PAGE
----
compared with those obtained by means of traditional walls and the relation to pressure on the silo wall k were
calculation theories and international standards. The chosen. Furthermore, for the analysis of the di!erent
parameters analysed were: Young's modulus, Poisson's parameters, results were obtained from the horizontal
ratio, internal friction angle, dilatancy angle, angle of and vertical pressures of the stored material, the zones of
friction with the wall and bulk density. The in#uence elastic and plastic behaviour within the stored material,
of the element size, wall thickness and the di!erent possi- and the distortions and tensions within the silo wall.
bilities of silo}hopper joint meshing, were also analysed.
It should be taken into account that traditional the-
ories and international standards only consider the inter- 4. Results of the static models
nal friction angle, the angle of friction with the wall and
the bulk density. Occasionally, the relationship between 4.1. Pressures against the walls
the horizontal and vertical pressures on the wall is used
as a parameter although it is not one in reality. The validity of the static models, for a #at-bottom silo,
The experimental procedures to measure the material becomes evident from Fig. 3(a). It can be observed that,
properties were: a direct shear test for the internal friction using parameters obtained by experimental tests shown
angle and the dilatancy, a direct shear test with a modi- in Table 1, the curve of the horizontal pressures on the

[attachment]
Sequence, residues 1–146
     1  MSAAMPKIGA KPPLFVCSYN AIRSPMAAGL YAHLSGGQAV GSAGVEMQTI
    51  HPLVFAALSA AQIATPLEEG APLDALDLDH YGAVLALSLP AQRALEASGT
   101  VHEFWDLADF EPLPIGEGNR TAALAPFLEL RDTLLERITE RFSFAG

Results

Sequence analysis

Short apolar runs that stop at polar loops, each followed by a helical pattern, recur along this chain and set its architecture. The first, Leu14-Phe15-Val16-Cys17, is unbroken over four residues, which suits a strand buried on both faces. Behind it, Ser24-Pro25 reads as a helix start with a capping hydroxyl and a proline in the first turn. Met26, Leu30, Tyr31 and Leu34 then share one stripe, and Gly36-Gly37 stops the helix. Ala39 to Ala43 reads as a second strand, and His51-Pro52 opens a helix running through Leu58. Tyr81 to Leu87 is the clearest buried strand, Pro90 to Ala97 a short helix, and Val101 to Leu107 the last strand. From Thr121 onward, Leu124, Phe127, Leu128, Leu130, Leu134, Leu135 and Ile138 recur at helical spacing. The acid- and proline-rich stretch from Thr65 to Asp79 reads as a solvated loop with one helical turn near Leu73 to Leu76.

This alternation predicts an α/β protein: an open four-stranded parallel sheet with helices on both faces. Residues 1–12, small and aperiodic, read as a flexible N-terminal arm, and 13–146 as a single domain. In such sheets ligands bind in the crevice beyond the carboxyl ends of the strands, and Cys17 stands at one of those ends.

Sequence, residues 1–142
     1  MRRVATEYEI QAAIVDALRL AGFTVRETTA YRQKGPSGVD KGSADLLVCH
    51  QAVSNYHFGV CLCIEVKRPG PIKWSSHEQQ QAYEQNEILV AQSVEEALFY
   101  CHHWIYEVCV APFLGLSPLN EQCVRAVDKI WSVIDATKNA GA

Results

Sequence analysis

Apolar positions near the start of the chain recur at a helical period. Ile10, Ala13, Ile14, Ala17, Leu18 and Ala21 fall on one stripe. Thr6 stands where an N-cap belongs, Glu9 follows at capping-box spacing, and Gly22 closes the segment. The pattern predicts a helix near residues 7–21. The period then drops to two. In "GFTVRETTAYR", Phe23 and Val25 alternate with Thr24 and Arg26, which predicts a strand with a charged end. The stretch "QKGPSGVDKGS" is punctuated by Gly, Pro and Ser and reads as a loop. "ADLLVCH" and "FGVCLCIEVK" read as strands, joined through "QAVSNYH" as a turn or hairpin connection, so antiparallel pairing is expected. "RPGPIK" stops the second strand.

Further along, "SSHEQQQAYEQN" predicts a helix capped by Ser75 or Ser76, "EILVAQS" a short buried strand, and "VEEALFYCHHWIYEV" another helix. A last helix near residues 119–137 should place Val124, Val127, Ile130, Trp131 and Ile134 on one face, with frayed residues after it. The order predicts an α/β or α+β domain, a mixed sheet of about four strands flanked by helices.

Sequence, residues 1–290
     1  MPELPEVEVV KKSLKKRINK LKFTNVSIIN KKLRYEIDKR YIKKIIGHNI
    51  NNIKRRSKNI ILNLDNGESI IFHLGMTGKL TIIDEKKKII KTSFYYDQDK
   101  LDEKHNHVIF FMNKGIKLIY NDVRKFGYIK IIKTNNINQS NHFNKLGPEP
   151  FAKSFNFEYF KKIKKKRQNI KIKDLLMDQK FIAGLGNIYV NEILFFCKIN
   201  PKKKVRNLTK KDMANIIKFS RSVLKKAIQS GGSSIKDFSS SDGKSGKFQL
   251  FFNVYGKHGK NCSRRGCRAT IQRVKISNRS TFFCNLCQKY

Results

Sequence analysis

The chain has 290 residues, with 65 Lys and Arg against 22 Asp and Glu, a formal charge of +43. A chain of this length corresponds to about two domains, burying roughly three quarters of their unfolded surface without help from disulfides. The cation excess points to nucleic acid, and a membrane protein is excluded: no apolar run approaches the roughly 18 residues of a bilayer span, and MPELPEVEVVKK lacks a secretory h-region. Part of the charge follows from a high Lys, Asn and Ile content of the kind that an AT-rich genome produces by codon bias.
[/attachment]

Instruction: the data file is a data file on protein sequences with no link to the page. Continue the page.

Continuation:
"ed box for the angle of friction with the wall, a triaxial wall compares very well with those obtained by means of

Table 1
Characteristics of the wheat with the range values used to analyse their in6uence on the results and the values obtained by means of
laboratory tests

Material parameter Range of values analysed Values obtained by


experimental tests

Elasticity module of stored grain E, kPa 5000 5000


Speci"c weight of grain o, kN m\ 7}9 9
Poisson ratio of grain l 0)2}0)4 0)3
Internal friction angle
,3 22}30 22
Wall}grain friction angle k,3 14)03 14)03
Dilatancy angle u,3 0}19 2)5
302 F. AY U G A E ¹ A ¸.

Fig. 3. (a) Horizontal pressures and (b) the ratio of horizontal to vertical pressures (k) under static conditions for the silo dimensions
shown in Fig. 2(a) and the material parameters shown in Table 1: , xnite element method; , Caquot and Kerisel (1956);
, Janssen (1895); , Reimbert and Reimbert (1980); , Eurocode (1995); , DIN 1055-6 (1987)

traditional theories and international standards. The 4.2.2. Poisson1s ratio